As of this writing, Adidas’s market capitalization is approximately $74 billion. Not far behind is Anta, China’s biggest sports company, which is traded on the Hong Kong stock exchange and currently has a market value of about $64 billion, according to data from FactSet, a financial data platform.
In the past year, however, Adidas’s value has risen about 39%, while Anta’s has rocketed up 157%. At its current rate of growth, Anta will soon overtake Adidas as the second most valuable sports company in the world, trailing only Nike and its $256 billion market capitalization.
The rise in Anta’s value reflects the company’s increasing competitiveness against the world’s dominant sports giants, particularly in China, where investors see reason to be optimistic about Anta’s prospects as Chinese shoppers show a growing desire for Chinese brands.
Chinese shoppers increasingly want Chinese brands
While Anta has global ambitions (paywall) and sponsors a number of professional basketball players in the US, its real strength is in China, where it’s the third largest sports brand in market share behind Nike and Adidas. Historically, Chinese companies have taken a backseat in the eyes of Chinese shoppers to foreign ones. But in recent years, Anta has benefitted from a burgeoning preference among Chinese shoppers for homegrown names, allowing it to capitalize on the increasingly valuable Chinese sportswear market.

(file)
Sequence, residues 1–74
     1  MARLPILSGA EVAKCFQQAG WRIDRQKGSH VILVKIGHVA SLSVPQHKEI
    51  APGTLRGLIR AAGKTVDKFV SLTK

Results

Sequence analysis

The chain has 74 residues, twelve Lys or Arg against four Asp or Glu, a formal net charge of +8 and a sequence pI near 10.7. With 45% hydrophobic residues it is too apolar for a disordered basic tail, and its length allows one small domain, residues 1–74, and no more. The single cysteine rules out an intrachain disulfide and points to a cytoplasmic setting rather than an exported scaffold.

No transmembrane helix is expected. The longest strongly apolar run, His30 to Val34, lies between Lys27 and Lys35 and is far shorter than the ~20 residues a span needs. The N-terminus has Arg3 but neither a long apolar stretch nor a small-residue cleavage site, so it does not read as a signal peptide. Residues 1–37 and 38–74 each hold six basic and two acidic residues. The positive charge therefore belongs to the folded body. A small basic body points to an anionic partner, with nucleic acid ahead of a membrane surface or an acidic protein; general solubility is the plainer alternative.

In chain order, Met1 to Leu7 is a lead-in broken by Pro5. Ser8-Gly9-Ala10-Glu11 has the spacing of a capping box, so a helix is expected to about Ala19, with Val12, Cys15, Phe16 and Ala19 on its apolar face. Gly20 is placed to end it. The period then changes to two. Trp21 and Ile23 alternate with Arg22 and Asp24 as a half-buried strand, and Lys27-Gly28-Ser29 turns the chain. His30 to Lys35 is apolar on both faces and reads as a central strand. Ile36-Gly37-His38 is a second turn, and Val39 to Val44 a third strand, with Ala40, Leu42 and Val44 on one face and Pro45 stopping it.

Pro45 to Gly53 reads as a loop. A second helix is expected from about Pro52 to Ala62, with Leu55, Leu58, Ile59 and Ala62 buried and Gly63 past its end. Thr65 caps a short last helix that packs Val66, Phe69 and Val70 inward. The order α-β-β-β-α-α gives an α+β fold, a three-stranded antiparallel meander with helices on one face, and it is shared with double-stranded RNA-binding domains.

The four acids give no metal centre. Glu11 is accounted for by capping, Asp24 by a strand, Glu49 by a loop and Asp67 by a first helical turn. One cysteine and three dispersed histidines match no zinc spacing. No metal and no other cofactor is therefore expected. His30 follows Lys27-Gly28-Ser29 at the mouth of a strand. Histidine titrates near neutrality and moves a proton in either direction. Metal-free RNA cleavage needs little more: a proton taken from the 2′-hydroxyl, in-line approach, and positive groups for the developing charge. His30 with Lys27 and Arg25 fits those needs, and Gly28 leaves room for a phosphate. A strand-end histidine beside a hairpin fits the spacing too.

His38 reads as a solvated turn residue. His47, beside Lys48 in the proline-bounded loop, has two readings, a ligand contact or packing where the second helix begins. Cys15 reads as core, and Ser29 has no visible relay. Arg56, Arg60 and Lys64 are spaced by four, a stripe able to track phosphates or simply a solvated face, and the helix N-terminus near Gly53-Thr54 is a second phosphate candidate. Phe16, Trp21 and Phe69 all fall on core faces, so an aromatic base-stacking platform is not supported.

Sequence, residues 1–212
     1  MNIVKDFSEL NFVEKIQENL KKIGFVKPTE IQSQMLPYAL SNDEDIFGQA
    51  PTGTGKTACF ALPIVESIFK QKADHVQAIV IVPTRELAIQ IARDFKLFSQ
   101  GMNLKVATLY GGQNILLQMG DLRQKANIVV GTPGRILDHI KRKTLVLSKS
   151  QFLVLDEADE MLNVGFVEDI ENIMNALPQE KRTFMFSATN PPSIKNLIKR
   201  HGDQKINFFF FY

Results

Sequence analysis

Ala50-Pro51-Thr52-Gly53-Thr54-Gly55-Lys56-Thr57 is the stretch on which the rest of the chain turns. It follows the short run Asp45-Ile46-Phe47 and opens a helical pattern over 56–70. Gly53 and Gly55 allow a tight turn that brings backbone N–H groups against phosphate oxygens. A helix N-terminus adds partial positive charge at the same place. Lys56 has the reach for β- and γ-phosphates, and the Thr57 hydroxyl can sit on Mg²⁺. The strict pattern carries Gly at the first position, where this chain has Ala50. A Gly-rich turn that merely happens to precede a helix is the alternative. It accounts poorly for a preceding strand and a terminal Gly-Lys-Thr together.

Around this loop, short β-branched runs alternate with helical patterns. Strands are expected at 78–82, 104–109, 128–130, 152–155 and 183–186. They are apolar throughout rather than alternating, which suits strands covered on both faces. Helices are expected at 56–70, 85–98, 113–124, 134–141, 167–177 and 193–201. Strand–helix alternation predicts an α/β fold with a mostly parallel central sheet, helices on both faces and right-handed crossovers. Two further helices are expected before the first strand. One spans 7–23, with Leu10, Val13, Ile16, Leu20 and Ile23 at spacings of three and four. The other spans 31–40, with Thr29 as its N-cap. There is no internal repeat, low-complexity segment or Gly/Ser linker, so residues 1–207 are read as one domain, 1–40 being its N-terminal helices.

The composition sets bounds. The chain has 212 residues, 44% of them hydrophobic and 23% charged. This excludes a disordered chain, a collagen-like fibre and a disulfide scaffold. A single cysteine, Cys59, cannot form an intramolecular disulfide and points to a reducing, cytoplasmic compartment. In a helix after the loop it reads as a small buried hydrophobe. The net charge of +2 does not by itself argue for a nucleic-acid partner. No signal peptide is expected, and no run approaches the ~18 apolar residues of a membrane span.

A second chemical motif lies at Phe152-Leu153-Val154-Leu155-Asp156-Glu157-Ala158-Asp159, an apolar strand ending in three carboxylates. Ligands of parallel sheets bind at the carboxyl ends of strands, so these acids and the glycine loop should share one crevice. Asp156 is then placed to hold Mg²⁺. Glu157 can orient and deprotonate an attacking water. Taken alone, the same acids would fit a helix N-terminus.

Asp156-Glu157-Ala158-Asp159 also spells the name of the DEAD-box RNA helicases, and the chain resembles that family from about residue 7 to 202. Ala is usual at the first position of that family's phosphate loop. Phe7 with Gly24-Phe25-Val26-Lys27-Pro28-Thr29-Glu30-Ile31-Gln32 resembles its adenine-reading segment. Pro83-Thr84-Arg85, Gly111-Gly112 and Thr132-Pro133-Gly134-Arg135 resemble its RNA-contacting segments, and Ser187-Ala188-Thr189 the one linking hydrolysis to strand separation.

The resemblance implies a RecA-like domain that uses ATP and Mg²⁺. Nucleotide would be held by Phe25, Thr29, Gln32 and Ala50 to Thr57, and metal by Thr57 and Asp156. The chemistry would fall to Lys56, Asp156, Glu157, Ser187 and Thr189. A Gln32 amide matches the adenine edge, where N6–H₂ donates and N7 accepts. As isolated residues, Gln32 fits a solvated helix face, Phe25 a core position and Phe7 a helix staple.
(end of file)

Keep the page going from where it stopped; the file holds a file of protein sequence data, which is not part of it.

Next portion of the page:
In 2020, that market was worth about $46 billion, making up 16% of global sales, according to a recent note to clients from the research arm of HSBC. By 2025, it will reach $93 billion and account for 21% of the global total, the bank estimates.
Anta’s shares have also risen sharply in recent months after the backlash against foreign companies in China over their comments on sourcing from Xinjiang. Many international firms have sought to distance themselves from ties to the region, where Western authorities accuse the Chinese government of using Uyghurs and other Muslim groups as forced labor in cotton and other industries in Xinjiang. China vehemently denies the charges, and many Chinese shoppers show their support by boycotting the foreign companies involved, including Nike and Adidas, and backing domestic companies, a number of which have proudly proclaimed their use of Xinjiang cotton.
Anta has been one beneficiary. In April, for example, the company’s sales on Tmall, a large e-commerce platform run by Alibaba, were up 59% compared to the same time last year, according to a May report by Morningstar, a research firm. Sales of Adidas products were down 78% in the period, it estimated, and Nike sales dropped 59%.
While many analysts expect the situation to be temporary, it has enabled companies such as Anta and Li-Ning, another Chinese sports brand, to outperform Nike and Adidas in the market, spurring a rise in Anta’s value.
Anta continues to grow, but whether it can surpass Adidas in value and stay there is another matter. Adidas is a global force, and if its shares heat up or Anta’s cool off, it could widen its lead again. At the moment, however, Anta is right on its heels.